TURES COLUMN: Chat with Georgia Secretary of State
Published 11:30 am Thursday, February 3, 2022
“Secretary Raffensperger is interested in chatting with you on the record about some recent developments” the email said. Wow. I would get the chance to talk to the elections leader at the center of one of America’s greatest constitutional crises, facing unprecedented political pressure and even death threats. I had to know how he could handle it all.
“The peace of the Lord,” he replied. “My wife of 45 years, my great team, and integrity,” he added. He also noted how the challenges of handling controversies over the 2018 election between Brian Kemp and Stacey Abrams prepared him for the 2020 election disputes.
When I asked why he would even want to be the top election supervisor, his answer surprised me. He initially got into the race for issues that were more about the business community.
“I wanted to make sure Georgia would be a great place to raise a family and have a business,” he told me. He mentioned his efforts on behalf of small businesses, and reforming the annual corporation renewal fee. Small businesses would find it easier to pay over three years, instead of the annual renewal fee, and the cumbersome process of renewal if the payment lapsed.
But elections were a major point of our discussion, and he pointed to evidence that the machine counts were backed by hand-recounts, adding that the state is also upgrading its technology platform, called the Georgia Registered Voter Information System, or GRVIS, by software company Salesforce, which his office claimed would be more secure and user-friendly. Raffensperger insisted that it would be ready by Primary Day on May 22, 2022, and the runoff four weeks later. When I asked about military voting, he pointed out that military and overseas voters would get ranked-choice voting for Federal and state candidates.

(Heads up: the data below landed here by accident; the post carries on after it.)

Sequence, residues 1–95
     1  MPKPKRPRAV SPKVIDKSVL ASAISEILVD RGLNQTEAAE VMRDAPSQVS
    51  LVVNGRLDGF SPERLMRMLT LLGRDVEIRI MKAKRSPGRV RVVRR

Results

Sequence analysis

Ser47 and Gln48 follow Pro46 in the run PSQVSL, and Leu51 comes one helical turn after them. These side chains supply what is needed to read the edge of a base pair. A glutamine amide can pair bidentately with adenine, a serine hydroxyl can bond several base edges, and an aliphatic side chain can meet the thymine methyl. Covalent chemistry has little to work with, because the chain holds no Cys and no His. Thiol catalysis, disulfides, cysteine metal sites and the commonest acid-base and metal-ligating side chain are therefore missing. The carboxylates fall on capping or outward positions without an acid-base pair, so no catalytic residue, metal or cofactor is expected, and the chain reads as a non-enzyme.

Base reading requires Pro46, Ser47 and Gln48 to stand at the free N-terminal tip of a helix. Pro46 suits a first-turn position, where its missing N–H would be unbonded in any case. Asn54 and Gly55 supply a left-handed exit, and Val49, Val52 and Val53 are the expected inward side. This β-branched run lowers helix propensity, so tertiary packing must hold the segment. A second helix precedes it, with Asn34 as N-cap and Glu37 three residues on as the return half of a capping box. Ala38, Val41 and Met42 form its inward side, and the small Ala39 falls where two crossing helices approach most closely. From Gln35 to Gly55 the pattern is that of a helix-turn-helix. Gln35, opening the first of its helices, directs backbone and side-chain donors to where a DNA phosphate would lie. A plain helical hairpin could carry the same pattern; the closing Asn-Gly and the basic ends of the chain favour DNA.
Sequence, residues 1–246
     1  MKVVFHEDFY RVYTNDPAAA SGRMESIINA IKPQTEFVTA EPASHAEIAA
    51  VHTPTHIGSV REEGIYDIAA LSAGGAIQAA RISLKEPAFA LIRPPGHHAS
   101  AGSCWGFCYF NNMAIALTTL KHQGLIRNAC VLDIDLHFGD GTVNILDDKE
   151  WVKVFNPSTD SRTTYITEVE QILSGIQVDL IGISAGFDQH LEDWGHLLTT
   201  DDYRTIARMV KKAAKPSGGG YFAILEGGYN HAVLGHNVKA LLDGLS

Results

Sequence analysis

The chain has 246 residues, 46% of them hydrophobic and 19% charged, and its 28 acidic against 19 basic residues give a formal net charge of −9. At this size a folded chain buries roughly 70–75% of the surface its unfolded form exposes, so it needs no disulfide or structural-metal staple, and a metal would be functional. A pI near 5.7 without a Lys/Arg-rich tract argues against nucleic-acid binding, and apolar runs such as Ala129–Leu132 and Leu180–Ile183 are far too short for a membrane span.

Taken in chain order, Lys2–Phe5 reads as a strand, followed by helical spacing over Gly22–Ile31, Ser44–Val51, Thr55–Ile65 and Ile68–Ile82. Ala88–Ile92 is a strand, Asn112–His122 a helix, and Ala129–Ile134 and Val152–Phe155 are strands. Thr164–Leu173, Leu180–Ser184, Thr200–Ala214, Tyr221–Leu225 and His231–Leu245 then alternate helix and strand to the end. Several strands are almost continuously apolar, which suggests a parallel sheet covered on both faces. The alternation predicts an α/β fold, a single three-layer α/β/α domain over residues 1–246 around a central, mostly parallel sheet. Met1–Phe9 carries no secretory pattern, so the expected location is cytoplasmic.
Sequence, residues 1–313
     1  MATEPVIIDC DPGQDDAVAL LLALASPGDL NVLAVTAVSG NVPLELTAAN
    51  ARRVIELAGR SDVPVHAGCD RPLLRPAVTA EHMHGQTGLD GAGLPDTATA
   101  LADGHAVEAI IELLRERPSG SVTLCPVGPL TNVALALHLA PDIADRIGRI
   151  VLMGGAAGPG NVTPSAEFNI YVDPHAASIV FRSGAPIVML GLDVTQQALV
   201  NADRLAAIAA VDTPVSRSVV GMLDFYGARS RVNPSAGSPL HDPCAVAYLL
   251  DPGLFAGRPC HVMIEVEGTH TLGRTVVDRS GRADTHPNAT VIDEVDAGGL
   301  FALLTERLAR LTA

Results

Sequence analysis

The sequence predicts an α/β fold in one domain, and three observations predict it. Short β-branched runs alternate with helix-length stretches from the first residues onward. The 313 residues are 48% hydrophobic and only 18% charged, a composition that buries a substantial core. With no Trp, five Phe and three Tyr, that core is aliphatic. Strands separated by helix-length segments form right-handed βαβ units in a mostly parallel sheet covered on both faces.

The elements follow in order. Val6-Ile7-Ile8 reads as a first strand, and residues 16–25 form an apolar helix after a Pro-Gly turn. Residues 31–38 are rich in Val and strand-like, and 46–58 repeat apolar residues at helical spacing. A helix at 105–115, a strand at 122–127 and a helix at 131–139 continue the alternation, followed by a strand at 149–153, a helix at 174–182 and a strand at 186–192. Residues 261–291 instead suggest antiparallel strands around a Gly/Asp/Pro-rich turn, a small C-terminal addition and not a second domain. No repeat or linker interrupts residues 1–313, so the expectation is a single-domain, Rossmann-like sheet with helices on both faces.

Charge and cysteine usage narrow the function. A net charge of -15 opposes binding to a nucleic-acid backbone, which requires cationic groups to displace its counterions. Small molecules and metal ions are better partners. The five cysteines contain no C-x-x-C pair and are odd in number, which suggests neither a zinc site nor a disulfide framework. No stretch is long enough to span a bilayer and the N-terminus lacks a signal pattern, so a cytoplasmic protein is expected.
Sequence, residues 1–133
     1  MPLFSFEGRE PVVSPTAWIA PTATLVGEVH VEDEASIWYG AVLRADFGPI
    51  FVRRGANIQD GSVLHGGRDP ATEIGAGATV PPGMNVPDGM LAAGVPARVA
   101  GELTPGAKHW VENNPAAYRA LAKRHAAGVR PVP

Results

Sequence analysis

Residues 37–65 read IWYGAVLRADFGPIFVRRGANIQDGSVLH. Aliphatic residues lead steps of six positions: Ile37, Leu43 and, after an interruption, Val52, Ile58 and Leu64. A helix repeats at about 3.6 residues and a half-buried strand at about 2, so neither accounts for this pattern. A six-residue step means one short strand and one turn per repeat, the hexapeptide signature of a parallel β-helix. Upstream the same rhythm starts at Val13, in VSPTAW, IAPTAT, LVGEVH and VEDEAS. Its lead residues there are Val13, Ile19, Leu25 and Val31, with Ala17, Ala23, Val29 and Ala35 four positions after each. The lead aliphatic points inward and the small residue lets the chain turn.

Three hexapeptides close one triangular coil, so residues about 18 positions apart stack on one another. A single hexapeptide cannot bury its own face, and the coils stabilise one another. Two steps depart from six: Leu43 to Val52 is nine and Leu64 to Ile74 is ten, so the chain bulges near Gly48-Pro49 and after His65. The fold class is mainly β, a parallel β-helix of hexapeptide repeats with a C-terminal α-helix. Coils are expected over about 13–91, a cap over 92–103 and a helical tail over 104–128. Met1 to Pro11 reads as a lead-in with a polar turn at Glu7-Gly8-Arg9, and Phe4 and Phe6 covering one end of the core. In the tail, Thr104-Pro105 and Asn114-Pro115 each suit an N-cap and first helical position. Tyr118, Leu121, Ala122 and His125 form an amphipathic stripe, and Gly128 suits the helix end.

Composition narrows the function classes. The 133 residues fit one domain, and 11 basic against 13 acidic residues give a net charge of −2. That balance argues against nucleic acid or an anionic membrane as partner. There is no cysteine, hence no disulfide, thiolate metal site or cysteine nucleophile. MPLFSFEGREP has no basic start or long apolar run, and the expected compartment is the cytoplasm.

We debated SB-202 as well. The Georgia Secretary of State defended the increase in early voting time, Sunday voting, no more than an hour of waiting and line, and the rules on food and water for voters, so long as they stay back 151 feet and rules on wearing advocacy clothing. We had to agree to disagree on replacing election boards. He claimed that the Senate law would make stronger election boards and make them more professional. I expressed my concerns about the partisan nature of removing election boards, and the actions of some new election boards.
Raffensperger noted that counties make the decisions when I pointed out the case of Lincoln County and the closure of nearly 90 percent of their voting locations. But how can states then tell counties what to do with election laws? Clearly something has to be done to ensure voters aren’t burdened by driving long distances…and that’s if they have a car.
Georgia’s Secretary of State was able to point out the success of his agency in running the 2020 election, with evidence backed by the data. Not only did recounts confirm this, but the conservative Heritage Foundation ranked Georgia “Number One” in their ranking of election integrity (https://www.heritage.org/electionscorecard/). “We finished first place, ahead of Alabama,” Raffensperger quipped. “Just like in football.” I checked this against a non-partisan election measure, and saw that Georgia tied with Colorado for top marks (https://bipartisanpolicy.org/report/achievable-election-reform/).
I asked Raffensperger if he had read President John F. Kennedy’s Profiles in Courage, and he said he had done so. Regardless of our disagreements about SB-202, I think Georgia’s Secretary of State and his team, like the other Republican and Democratic Secretaries of State in swing states and election supervisors, should receive the “John F. Kennedy Profile in Courage Award” from the Kennedy Library for ably administering the most challenging election in U.S. history.